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Sadye L. M. Logan

Jane Elizabeth Bierdeman-Fike (1922–2012) was a state and national leader in developing forensic social work practice and was committed to providing best practices to an oppressed population of patients with mental illness who were residents in psychiatric institutions.

Article

Sadye L. M. Logan

Martha Elizabeth Branscombe’s (1906–1997) illustrious career in services to children and families expanded over three decades. Her exemplary leadership was at the local, national, and international levels.

Article

Sadye L. M. Logan

Hobart A. Burch (1932–2012) was a productive scholar whose career was distinguished by his commitment to creating a just and equal world. His career spanned several interrelated areas with the emphasis on policy and program development.

Article

Sadye L. M. Logan

Joan Bonner Conway’s (1920–2008) career in social work spanned over four decades. Her practice and administrative skills included large and small hospitals and rehabilitation settings. Through her pioneering efforts in these settings she was able to make significant contributions to the social work specialty of medical social work.

Article

Sadye L. M. Logan

John Brister Turner (1922–2009), a distinguished professor and dean emeritus at the University of North Carolina (UNC) Chapel Hill School of Social Work, great leader, visionary, writer, scholar, and teacher. He devoted his life to community organization, social activism, and social work education. He was respected and admired for his pioneering work and leadership, and was viewed as a “bridge builder” between government leaders and service providers.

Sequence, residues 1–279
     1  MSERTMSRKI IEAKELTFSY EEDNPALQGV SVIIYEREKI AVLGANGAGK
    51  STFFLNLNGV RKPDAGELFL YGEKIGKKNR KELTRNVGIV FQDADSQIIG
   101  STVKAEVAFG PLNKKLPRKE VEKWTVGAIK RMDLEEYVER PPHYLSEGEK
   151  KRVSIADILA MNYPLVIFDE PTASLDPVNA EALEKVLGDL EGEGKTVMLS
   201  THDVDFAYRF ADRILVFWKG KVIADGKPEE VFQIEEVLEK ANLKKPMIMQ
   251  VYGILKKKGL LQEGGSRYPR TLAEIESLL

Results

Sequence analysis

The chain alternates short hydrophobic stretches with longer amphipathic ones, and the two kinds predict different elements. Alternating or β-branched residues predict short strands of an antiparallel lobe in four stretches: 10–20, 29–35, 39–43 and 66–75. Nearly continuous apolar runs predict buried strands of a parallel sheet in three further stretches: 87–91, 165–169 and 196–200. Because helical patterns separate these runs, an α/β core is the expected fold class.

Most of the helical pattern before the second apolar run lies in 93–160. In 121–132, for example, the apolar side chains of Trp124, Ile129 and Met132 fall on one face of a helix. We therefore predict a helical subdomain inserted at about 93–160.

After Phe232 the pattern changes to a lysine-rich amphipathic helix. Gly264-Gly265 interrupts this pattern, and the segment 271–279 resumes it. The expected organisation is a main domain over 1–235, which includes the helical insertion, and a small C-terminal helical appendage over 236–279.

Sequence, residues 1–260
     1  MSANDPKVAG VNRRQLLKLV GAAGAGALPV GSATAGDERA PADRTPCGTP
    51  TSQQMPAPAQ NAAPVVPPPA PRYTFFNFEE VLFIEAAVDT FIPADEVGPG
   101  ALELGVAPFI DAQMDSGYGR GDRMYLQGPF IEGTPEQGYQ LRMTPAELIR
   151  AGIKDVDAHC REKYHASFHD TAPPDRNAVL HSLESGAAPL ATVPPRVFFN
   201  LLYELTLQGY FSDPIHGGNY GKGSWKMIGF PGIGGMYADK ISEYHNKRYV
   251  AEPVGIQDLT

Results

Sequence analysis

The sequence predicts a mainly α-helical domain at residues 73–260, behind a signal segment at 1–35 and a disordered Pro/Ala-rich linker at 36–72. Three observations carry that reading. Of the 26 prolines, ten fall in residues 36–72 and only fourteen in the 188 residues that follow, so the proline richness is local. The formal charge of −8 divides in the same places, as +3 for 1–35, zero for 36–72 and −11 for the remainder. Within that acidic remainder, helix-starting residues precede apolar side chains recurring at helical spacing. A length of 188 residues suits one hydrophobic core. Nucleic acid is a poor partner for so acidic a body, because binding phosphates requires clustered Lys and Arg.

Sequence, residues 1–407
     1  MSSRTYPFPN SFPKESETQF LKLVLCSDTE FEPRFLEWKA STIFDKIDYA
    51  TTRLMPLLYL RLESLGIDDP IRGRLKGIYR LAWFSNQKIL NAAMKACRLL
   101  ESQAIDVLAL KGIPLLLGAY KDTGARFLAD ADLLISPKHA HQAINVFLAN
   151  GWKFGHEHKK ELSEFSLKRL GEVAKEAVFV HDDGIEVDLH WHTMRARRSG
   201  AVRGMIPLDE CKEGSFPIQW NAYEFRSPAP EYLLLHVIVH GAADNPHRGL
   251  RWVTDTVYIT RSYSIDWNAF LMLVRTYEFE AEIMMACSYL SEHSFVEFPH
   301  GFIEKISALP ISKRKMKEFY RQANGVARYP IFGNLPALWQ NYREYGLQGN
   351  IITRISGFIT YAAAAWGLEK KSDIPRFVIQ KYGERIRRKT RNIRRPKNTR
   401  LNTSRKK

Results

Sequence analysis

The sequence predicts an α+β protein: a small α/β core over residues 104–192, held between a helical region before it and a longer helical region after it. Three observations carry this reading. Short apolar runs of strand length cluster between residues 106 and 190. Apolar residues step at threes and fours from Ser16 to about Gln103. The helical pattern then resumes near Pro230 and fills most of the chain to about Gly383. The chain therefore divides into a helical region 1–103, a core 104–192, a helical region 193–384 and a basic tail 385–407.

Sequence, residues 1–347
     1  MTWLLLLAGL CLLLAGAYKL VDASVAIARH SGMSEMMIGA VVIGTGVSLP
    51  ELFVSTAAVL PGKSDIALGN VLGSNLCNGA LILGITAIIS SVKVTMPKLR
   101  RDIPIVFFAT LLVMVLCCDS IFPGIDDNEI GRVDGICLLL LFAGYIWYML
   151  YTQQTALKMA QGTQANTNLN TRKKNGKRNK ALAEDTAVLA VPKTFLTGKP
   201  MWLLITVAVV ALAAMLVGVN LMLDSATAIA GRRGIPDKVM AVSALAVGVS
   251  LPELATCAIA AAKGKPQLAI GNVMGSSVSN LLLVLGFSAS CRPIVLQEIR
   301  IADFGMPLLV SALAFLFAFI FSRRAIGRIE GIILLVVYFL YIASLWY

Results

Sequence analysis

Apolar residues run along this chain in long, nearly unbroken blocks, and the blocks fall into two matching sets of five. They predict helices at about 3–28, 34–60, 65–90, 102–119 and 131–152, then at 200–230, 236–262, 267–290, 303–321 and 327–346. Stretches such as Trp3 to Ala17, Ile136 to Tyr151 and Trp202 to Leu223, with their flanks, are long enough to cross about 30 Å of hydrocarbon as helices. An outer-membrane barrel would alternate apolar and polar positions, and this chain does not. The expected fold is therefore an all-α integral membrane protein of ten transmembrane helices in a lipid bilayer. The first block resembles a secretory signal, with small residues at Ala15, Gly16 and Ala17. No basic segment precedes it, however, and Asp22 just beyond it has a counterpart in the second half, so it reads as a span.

Article

Sadye L. M. Logan

Alfred M. Neumann (1910–2002) dedicated his life to uplifting humanity. He was recognized for pioneering the concept of sheltered workshops for the rehabilitation of social and emotionally mentally handicapped individuals.

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Katherine “Kay” Brownell Oettinger (1903–1997) was an authority on the care and upbringing of children with special emphasis on children with intellectual disabilities.

Article

Sadye L. M. Logan

David M. Austin (1923–2008), who served as Bert Kruger Smith Centennial Professor at the University of Texas at Austin School of Social Work (now University of Texas at Austin Steve Hicks School of Social Work), has left an outstanding legacy in the students and colleagues whom he has mentored and inspired. He was a tireless leader, practical researcher, and brilliant scholar in the field of social work.

Article

Sadye L. M. Logan

Elaine Marjorie Breslow Brody (1922–2014) was a prolific researcher during a career that spanned six decades at the Philadelphia Geriatric Center, now the Polisher Research Institute. She was a trailblazer and visionary who combined practice and research as a social work practitioner. She served as a mentor and role model for many who were taking professional risks when gerontology was a new area of specialization. She leaves an outstanding legacy of scholarship, research, leadership, and service. She brought honor to the profession.

Article

Sadye L. M. Logan

Florence Lieberman (1918–2011) made extraordinary contributions to the field of clinical social work in New York City while a professor at Hunter College School of Social Work (now Silberman School of Social Work), where she served from 1966 to 1986.